Over the last few years, scientists have discovered connections between gut microbiota imbalances and various diseases. Now, in a study using mice, biologists from the CNRS, INSERM, and Claude Bernard Lyon 1 University—together with colleagues from the Institut Pasteur de Lille and the NIH (USA)—have revealed a surprising relationship between a viral detection system, the composition of the gut microbiota, and the development of skin allergies. Their findings, published in PNAS (September 24, 2018) suggest potential new therapies.

Researchers finds that mice deprived with of the MAVS gene, which plays a key role in the detection of viruses by the immune system, showed a an altered gut microbiota and severe allergic skin reactions.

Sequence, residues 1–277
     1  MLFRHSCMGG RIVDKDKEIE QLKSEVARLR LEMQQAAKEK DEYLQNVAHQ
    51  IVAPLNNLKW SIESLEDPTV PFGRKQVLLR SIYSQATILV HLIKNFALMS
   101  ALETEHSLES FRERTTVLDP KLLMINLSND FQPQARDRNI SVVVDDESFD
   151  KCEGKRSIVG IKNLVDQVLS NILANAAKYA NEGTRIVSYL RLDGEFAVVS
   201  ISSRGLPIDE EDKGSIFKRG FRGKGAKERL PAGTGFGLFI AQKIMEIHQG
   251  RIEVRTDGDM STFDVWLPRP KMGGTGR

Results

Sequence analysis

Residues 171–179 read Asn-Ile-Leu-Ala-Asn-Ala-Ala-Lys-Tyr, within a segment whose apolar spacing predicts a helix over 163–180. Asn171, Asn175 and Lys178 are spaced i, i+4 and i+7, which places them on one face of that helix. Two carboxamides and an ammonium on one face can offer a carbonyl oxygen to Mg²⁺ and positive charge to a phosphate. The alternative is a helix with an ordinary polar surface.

These findings shed light on the unexpected role played by an antiviral protein (MAVS) in the maintenance of gut microbiota equilibrium. By showing that changes in the gut microbiota exacerbate the allergic response in the skin, this research sets the stage for the development of new therapies. 

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Find the article here : MAVS deficiency induces gut dysbiotic microbiota conferring a proallergic phenotype


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